The Devon Wool Trade

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In 1538, a group of merchants set up a Cloth Market in Exeter next to the existing Wool and Yarn Market in Northgate Street. The Merchants of Crediton, just a few miles away, who already had what they considered to be a perfectly satisfactory Cloth Market, wanted no rivals and were far from pleased. It was a turning point, not only in the history of Exeter but in the history of the Woollen Trade in Britain.

By 1700, it was said that 4 out of 5 people in Exeter owed their livelihood to this trade and probably a similar number in the countryside were making a contribution to the prosperity of Devon as a County. Exeter grew to become the 4th most prosperous town in the United Kingdom.

And the Stentifords? Let's examine some of the clues and pointers to their involvement in the woollen industry, beginning with Professor Hoskin's map taken from his book "Industry, Trade and People in Exeter 1688-1800" *

ŠThe Executors of the late Professor W.G.Hoskins

To a member of one of the Stentiford family groups, this looks like a map of our history. It is dated by the year 1700 but events proceeded slowly in the 16th and 17th centuries. Think of the map as a summing-up of a series of trade developments and family moves, some of which took place before the Serge Industry became established and some afterwards.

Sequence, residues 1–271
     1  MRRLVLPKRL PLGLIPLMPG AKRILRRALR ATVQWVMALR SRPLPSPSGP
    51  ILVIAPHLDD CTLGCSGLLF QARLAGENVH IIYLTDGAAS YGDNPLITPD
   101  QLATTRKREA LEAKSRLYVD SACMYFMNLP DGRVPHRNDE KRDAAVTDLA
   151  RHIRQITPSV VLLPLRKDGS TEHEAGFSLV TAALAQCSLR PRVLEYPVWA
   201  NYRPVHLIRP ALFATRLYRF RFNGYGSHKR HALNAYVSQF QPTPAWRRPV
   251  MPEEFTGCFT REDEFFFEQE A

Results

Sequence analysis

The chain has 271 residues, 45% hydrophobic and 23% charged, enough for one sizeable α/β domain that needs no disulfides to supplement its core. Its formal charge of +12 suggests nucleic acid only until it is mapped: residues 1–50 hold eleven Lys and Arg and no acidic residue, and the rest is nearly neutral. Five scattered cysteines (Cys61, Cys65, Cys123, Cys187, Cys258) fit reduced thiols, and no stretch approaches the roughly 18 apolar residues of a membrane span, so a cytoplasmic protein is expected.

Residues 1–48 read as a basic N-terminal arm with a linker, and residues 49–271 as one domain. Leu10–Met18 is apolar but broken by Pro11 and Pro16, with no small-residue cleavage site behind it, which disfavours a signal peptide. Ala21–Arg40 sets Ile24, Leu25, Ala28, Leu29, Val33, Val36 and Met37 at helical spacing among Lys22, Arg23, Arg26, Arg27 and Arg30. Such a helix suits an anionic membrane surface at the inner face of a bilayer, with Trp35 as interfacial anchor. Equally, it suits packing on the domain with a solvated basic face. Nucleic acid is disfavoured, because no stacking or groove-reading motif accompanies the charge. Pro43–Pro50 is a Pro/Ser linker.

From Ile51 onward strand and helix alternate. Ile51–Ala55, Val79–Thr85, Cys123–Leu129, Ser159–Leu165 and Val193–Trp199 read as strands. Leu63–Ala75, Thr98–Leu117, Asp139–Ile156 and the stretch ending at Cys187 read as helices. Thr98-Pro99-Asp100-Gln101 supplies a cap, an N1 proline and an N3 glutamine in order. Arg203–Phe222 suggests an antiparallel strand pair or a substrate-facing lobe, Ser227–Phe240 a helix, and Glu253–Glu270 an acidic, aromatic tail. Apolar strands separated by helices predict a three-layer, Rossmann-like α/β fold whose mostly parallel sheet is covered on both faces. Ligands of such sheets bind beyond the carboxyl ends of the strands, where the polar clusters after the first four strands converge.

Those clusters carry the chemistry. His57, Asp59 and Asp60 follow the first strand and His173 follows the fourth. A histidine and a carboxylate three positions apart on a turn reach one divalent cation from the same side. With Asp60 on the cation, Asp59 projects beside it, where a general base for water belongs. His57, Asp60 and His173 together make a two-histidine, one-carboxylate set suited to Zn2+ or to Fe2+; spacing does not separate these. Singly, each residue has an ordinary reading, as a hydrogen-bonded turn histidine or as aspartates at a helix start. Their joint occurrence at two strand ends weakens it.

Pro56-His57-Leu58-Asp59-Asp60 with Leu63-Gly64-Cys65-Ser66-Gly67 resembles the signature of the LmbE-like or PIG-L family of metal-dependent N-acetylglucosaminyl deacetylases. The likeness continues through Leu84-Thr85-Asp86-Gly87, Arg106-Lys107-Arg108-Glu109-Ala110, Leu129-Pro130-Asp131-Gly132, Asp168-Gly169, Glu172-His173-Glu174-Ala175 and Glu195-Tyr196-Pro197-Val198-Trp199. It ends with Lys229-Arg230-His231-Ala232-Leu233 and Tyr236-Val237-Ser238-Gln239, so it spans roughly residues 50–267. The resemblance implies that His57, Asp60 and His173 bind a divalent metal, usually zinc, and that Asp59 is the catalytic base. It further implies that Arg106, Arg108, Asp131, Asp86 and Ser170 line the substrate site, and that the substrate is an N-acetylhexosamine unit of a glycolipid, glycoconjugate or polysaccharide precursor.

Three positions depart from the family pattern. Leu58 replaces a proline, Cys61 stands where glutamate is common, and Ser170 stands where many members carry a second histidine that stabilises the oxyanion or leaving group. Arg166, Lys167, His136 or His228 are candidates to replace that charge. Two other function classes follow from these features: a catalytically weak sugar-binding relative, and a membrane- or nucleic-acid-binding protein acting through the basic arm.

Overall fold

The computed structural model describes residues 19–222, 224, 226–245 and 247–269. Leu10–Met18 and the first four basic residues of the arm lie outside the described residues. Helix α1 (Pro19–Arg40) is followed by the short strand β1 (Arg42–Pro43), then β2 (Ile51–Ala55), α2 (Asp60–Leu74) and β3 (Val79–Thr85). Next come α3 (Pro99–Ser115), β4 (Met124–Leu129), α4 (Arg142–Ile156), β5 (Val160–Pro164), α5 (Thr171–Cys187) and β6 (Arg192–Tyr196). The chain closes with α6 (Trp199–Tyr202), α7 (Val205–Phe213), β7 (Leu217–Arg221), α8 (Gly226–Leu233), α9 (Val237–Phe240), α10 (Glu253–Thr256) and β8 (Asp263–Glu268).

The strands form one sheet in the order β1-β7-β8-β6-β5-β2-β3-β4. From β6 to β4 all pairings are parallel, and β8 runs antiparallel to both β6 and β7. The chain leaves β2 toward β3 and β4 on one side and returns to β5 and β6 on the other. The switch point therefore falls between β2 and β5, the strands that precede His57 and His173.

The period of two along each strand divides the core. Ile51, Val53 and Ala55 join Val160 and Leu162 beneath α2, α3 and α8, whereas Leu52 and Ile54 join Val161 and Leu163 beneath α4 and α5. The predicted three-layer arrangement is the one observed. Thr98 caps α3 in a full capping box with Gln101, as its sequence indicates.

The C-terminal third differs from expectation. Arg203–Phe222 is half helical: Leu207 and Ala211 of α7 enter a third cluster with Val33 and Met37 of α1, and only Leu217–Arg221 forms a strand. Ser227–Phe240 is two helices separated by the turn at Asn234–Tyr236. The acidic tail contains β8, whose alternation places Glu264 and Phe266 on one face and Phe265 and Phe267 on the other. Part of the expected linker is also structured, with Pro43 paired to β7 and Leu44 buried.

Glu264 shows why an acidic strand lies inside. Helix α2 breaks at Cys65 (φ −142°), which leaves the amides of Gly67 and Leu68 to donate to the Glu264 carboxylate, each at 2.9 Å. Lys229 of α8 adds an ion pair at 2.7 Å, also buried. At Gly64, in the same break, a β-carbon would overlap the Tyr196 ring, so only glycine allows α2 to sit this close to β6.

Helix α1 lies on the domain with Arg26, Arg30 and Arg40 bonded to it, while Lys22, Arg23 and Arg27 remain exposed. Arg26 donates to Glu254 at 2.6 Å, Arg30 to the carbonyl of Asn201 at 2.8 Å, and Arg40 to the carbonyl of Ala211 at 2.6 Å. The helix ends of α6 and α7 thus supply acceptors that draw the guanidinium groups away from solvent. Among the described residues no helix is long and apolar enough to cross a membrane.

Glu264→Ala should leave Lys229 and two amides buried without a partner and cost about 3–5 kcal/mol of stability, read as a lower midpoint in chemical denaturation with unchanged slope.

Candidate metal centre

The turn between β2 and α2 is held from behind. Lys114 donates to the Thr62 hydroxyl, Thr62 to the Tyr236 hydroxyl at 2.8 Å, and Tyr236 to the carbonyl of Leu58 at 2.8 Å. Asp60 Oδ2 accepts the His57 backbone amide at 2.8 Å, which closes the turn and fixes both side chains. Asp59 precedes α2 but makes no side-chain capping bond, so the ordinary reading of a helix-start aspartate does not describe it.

We can begin to see a reason for the acquisition of grazing land on Dartmoor, for the move by some family members to Calstock (just south of Callington in the map) in order to gain access to river transportation, for the move to Ugborough (just north of Modbury) to extend and improve grazing. And we can see why other members of the family moved to Exeter - merchants were needed there to protect the family interests in this vital trading centre.

* Published by Exeter University Press which has  a serious collection of books of interest to local historians on their list - visit them at


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